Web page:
United Airlines said nearly 600 U.S.-based employees were facing dismissal for failing to follow the carrier’s vaccination policy.
In early August, the company became the first US airline to require vaccination against Covid-19 for all its national employees, requiring proof of vaccination by Monday.
The carrier said that on Tuesday it would begin the process of firing 593 employees who have decided not to be vaccinated.
“It was an incredibly difficult decision, but keeping our team safe has always been our top priority,” CEO Scott Kirby and President Brett Hart told employees in a memo.
Workers can save their jobs if they get vaccinated before their formal sacking meetings, company officials said.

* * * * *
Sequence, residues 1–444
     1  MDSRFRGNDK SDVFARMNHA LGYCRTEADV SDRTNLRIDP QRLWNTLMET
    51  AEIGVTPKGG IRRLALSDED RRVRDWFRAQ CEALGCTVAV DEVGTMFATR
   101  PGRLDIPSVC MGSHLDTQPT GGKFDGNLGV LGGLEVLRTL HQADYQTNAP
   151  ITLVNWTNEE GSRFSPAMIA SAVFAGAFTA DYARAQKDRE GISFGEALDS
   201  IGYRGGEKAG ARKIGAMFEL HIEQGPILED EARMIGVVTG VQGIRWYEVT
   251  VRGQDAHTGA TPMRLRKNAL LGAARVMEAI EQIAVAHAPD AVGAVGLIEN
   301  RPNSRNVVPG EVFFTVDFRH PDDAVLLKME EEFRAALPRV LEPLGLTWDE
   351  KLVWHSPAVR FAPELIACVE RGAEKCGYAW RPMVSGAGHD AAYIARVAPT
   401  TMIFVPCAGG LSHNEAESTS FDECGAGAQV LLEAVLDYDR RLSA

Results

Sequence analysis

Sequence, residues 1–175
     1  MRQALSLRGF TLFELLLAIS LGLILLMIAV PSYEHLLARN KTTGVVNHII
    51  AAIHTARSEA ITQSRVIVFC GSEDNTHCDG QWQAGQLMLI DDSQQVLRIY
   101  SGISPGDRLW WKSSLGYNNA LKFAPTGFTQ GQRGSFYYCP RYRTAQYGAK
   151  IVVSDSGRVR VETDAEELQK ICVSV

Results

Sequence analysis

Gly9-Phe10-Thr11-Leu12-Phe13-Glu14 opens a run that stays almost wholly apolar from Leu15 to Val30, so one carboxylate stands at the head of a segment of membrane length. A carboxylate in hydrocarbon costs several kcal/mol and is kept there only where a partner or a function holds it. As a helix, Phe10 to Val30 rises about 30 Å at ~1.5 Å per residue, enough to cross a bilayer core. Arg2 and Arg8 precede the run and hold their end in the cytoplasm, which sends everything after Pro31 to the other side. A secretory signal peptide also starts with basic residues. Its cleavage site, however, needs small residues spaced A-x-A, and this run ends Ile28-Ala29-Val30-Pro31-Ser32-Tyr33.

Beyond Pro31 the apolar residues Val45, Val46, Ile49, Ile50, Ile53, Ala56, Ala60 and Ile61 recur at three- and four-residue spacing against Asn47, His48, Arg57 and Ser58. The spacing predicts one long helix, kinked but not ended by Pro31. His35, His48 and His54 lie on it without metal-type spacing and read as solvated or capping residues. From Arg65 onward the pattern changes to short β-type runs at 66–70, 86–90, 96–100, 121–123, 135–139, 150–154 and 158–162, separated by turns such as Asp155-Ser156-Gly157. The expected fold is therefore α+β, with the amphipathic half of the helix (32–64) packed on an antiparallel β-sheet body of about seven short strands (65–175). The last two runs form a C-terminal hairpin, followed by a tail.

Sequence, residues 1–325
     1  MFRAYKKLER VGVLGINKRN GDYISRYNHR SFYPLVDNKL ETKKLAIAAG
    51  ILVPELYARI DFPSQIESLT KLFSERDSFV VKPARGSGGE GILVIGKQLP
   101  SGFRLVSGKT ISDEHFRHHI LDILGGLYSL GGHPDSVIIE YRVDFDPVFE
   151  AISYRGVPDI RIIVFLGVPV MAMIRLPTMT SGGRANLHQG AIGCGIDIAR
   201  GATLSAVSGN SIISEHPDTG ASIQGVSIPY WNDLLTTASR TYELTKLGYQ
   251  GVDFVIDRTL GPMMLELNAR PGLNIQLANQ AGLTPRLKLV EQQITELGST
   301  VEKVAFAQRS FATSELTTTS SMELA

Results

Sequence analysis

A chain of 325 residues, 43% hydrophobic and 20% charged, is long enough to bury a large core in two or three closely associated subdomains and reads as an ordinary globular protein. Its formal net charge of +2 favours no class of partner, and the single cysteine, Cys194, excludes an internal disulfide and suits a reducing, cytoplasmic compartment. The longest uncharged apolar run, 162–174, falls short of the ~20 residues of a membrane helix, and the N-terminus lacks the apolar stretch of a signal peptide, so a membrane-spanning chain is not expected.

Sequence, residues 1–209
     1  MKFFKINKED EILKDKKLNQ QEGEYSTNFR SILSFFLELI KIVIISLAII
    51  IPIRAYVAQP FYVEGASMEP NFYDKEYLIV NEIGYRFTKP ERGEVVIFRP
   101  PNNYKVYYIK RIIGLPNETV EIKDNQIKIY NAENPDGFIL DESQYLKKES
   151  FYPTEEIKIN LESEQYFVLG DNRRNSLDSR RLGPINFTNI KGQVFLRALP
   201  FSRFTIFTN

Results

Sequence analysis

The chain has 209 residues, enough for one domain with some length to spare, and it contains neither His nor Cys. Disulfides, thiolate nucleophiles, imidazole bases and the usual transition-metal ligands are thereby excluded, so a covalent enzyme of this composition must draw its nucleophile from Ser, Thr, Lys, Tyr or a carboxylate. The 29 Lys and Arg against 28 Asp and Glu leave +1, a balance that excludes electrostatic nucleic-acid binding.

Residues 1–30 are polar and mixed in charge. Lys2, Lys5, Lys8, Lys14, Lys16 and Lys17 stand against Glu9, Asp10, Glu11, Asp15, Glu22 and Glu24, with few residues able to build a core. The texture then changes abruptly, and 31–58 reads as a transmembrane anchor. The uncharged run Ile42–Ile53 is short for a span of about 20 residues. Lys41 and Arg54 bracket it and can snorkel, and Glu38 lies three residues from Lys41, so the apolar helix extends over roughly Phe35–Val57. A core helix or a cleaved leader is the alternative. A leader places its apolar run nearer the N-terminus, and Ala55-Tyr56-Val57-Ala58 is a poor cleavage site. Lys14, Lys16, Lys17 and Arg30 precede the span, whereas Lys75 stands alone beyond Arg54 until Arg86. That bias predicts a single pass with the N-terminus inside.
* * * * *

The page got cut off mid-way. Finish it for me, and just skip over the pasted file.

United has received requests for vaccine exemptions from employees for religious and medical reasons. Those employees represent less than 3% of the airline’s 67,000 U.S. employees, United officials said.
The company planned to put employees who were granted religious exemptions on temporary unpaid personal leave from October 2. Those plans, however, were put on hold until Oct. 15 due to a lawsuit challenging the policy.
Excluding those who requested an exemption, United said more than 99% of U.S.-based employees have been vaccinated against Covid-19.
A company spokesperson said the airline plans to hire around 25,000 people over the next few years and that vaccination will be a condition of employment for all new hires.
United will also require students at its pilot training school to be vaccinated, the spokesperson said.
The company rejected the idea that the vaccine requirement was a deterrent to applicants for jobs with the airline.
United received 700 applications for around 400 job openings last month at a job fair in Denver. Likewise, it has received more than 20,000 applications for around 2,000 vacancies for flight attendants, the spokesperson said.